– if I’m running late at school, there’s no one in the city who can pick up baby E, which means I’ll have to abandon school at 6pm everyday, no matter what (pro & con?)

Although the thought of sending baby E to daycare still makes my heart tighten with anxiety, I’m glad we’ve chosen a daycare that I do feel very comfortable with. And now that daycare is all sorted out, I’m going to hug baby E extra tight until the day he goes!

– K.

Social Anxiety.

In just 3 short months, I will be attending graduate school full-time with an 11 month-old boy. If I think about it long enough, I can physically feel the waves of impending doom. Time management, finances, and failing at both school and home are a few hot topics for my anxiety levels. My most recent stress? Social Anxiety.

I was bursting at the seams with pregnancy at my cohorts ‘meet and greet’ back in August. I was 9 months pregnant with a 9lb 5oz baby and everywhere I went I got looks that read, “Please don’t have your water break on my carpet.” When I signed up for the meet and greet, I was in the glorious (and deceiving) second trimester, and considered myself invincible. But on the day of the meet and greet, I admit I regretted my decision to attend – and not just because a homeless man yelled, “Damn Miss, you’re huge!” on my way there.

IMG_0869 copy

I’m an introvert and a room full of people asking personal questions about my baby bump was quite stressful. I wanted to slip away into the corner, but my huge belly would not allow for it. Additionally, I wonder if I’ll always be the “pregnant woman.” My colleagues met me as a mother first, and graduate student second. Will I always be known as the “mom” of the group, viewed as less serious about my career as my family life flourishes?

My university has not shown any signs of motherhood discrimination thus far, but it is still a potential stressor etched into the back of my mind. Many people still think that the order in life should be 1. School 2. Career 3. Marriage 4. Buying a House 5. Baby. I fear judgment from more traditional colleagues and professors. My partner and I did things a little backwards and I hope no one judges me too harshly for it.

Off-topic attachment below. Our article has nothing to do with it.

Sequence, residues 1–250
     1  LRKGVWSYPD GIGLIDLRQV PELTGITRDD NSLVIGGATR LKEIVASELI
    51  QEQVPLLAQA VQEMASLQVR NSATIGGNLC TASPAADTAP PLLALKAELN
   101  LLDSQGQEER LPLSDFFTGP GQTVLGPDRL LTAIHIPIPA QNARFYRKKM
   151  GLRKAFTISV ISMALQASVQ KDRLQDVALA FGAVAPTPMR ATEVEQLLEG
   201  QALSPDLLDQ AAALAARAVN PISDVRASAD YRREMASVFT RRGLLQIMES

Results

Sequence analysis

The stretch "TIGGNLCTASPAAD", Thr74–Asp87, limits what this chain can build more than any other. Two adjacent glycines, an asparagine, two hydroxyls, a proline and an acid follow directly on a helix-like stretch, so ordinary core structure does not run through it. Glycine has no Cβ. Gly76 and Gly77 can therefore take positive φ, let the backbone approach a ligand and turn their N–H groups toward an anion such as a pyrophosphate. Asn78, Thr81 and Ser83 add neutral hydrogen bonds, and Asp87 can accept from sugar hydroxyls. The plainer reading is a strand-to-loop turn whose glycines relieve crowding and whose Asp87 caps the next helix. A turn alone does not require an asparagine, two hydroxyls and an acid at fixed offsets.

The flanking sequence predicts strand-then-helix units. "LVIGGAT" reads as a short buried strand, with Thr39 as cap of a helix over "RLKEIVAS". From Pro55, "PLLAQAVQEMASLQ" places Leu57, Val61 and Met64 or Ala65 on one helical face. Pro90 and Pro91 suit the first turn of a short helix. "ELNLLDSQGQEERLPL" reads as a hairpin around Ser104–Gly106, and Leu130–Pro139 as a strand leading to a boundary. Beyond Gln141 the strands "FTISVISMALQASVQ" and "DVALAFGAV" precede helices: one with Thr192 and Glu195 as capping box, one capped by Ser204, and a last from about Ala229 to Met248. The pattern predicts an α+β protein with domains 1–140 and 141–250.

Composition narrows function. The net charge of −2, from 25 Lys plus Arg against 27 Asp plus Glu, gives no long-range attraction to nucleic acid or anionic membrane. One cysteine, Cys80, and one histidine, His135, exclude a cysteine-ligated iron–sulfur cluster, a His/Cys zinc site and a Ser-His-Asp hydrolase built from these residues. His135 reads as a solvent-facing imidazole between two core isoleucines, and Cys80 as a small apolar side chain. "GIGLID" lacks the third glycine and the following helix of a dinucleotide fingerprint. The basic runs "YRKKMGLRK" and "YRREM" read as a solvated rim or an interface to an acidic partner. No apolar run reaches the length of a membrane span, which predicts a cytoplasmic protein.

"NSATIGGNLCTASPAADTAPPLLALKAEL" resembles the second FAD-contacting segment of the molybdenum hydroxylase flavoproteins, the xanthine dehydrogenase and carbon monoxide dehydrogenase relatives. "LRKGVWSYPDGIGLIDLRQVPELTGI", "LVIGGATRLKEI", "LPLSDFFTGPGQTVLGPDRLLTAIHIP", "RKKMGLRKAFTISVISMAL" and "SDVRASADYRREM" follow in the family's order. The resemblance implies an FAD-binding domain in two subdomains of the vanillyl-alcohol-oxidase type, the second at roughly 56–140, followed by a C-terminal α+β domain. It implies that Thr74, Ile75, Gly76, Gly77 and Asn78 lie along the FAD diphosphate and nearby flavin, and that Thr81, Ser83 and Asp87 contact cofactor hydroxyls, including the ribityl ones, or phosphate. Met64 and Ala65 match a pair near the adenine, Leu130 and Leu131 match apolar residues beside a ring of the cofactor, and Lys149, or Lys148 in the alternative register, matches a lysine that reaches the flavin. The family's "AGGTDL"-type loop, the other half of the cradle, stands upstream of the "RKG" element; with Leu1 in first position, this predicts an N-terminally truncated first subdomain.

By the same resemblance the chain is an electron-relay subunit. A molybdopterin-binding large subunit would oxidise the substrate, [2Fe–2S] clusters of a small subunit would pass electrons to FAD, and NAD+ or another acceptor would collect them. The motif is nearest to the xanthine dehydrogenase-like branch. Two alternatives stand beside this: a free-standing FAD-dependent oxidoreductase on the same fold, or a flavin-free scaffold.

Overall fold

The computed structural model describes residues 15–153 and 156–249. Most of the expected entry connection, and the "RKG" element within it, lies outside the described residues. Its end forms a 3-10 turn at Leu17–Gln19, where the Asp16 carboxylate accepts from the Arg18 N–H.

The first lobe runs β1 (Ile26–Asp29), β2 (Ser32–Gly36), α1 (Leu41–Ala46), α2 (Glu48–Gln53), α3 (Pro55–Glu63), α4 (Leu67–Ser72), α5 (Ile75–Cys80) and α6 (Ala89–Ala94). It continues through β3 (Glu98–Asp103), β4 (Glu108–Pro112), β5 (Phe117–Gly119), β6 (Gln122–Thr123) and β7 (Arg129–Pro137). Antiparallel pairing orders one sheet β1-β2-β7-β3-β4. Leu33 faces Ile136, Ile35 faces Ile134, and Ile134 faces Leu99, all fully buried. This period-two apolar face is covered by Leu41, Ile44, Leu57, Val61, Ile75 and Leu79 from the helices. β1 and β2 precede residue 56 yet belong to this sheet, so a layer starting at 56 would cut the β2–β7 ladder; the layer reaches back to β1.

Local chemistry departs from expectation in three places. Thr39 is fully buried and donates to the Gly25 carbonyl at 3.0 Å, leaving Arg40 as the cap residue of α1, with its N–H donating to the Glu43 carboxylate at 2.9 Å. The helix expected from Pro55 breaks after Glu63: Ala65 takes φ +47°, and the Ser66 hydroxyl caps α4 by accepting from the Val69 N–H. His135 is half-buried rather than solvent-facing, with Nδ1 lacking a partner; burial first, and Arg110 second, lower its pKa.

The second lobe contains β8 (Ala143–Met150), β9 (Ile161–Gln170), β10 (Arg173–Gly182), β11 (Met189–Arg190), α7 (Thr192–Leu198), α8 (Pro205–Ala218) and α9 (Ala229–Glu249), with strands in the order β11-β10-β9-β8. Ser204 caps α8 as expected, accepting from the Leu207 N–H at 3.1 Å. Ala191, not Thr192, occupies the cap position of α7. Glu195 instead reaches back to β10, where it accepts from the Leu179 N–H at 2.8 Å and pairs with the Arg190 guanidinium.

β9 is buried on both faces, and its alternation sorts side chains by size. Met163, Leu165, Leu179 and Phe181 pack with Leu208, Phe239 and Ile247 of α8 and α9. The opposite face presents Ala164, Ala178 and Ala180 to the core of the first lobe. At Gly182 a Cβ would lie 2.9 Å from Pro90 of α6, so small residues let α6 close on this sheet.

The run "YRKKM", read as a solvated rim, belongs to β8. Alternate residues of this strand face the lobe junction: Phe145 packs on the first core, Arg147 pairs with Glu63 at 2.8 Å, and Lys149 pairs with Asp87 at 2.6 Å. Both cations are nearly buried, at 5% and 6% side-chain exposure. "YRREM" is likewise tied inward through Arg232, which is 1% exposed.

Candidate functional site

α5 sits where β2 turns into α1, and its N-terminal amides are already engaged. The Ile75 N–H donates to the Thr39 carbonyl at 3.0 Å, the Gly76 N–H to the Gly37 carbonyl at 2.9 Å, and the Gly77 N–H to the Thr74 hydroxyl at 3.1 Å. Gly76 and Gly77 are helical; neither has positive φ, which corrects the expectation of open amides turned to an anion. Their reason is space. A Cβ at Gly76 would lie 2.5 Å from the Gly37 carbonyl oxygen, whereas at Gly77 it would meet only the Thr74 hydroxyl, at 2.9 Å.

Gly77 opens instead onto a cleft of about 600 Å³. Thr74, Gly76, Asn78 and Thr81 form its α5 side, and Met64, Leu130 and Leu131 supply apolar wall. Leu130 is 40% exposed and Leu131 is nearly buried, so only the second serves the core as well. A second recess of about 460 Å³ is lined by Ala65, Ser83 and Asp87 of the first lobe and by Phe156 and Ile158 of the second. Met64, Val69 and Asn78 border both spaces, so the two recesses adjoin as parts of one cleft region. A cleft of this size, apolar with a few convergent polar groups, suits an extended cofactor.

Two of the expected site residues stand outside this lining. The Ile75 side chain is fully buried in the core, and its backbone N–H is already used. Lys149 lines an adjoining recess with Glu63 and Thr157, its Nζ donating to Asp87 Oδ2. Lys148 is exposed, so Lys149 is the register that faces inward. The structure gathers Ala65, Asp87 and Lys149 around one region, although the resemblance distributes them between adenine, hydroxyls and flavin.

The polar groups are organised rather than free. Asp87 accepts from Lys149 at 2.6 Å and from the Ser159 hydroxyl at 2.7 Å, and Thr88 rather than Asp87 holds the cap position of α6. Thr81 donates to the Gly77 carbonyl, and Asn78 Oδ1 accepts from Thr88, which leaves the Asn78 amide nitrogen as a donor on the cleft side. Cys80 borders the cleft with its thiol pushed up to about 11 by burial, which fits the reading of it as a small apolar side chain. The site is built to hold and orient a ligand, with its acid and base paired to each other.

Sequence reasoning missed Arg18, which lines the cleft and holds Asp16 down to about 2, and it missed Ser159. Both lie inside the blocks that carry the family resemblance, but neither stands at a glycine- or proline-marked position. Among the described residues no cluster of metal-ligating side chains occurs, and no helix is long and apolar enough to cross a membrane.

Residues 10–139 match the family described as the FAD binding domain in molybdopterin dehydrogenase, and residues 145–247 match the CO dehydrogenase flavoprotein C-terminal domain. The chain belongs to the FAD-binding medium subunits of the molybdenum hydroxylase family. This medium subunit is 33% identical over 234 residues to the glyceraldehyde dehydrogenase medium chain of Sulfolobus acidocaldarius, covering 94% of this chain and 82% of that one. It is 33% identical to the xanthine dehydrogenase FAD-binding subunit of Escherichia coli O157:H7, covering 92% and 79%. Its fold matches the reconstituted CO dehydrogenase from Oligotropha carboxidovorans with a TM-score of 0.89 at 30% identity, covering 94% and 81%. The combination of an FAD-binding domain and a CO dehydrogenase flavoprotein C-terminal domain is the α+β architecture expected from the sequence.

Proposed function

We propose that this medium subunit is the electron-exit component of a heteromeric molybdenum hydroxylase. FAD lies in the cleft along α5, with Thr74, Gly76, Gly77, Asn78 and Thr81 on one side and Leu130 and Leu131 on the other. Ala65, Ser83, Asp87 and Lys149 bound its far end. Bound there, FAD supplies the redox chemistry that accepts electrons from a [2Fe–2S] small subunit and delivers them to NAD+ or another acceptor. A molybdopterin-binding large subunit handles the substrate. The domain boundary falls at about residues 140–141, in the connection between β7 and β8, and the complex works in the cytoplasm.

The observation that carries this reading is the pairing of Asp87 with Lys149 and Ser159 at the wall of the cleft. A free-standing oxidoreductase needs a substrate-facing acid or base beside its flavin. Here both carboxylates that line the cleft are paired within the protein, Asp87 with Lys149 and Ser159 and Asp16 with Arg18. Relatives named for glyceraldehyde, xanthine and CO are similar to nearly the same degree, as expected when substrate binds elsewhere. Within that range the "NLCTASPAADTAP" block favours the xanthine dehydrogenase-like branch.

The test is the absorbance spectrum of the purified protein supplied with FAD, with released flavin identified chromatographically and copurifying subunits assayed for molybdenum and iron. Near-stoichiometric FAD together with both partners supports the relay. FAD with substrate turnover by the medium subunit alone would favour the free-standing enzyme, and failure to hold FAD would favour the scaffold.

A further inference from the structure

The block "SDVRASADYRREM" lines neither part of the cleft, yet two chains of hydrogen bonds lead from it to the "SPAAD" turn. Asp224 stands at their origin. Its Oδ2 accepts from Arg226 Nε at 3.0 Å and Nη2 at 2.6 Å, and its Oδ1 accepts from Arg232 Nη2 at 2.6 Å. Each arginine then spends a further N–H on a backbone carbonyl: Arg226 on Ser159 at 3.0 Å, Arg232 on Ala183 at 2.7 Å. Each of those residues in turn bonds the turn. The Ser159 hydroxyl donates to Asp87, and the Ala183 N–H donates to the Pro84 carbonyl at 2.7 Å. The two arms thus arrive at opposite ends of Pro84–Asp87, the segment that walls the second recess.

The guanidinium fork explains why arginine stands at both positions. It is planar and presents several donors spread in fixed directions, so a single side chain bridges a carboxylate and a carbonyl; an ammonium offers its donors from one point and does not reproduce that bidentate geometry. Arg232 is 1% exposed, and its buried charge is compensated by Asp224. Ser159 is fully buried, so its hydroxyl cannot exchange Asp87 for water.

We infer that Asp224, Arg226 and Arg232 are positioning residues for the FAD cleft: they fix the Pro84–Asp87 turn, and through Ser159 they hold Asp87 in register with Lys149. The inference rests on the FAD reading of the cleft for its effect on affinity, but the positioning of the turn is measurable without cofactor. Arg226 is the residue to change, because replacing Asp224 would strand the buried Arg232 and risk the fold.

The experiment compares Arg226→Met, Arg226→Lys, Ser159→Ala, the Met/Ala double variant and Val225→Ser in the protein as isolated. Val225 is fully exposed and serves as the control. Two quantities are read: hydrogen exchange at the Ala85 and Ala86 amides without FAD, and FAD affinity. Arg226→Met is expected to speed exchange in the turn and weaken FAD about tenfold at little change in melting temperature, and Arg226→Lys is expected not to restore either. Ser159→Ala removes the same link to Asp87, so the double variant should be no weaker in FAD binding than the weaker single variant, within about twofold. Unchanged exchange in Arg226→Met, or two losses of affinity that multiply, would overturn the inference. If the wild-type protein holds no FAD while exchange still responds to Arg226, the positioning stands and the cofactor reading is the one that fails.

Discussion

Motherhood aside, I hope people like me. My mat leave has been low-key with most days lounging at home alone in sweat pants and an oversized T-shirt. I’ll need to shake the cobwebs off my social skills and remind myself that discussing poop is no longer an appropriate topic of conversation.

I know it’s painfully cheesy, but at least at the end of the day, my baby boy loves me unconditionally.

– K

Hello, my name is Kate.

I completely bombed my first year of undergrad. I failed 3 courses, dropped 1, and landed myself a modest, very modest, 43% average. In hindsight, it was one of the greatest experiences to ever happen to me. My mom told me that university success did not equal success as a person, and I could go to college, straight into the workforce, or move back home to figure life out. Her unconditional support had me thinking, “What do I want? Why am I here? Am I in university because everyone else is?” After deep soul searching, I realized that I wanted to be there, I wanted to learn the information, and I was there to better myself. I also quickly learned that grades would not be handed to me on a silver platter. I worked my butt off, taught myself how to study, juggle university course load, and more than doubled my average since my rocky start.

My passion to learn still motivates me daily. I feel as though education is the key to solving a multitude of social issues and pursuing a career in research is how I can best help others. I applied to graduate school and was absolutely delighted to be accepted into my dream program.


Shortly after applying to graduate school, my long-term boyfriend and I discovered that we were pregnant. I navigated the awkward and stressful route of telling my brand new advisor the news, and postponing my grad school start date. 60 pounds, 10 months, 24 hours of inductions, and 1 emergency c-section later, my beautiful baby boy entered the world! With the support of my loving common-law husband, and tremendously selfless mother, I will be a graduate student mother in September 2015.

My first year of undergrad was an enormous challenge, and I anticipate my first year of graduate school to be an even bigger adjustment. As a young mom, I do not have many friends with babies (and even fewer with babies in graduate school!), and my intentions for this blog are to 1) meet other parents in graduate school as we navigate this busy, stressful, and rewarding time in our lives and 2) create a sanctuary for my student-mom rants to keep me sane!

I look forward to connecting with you!

– K.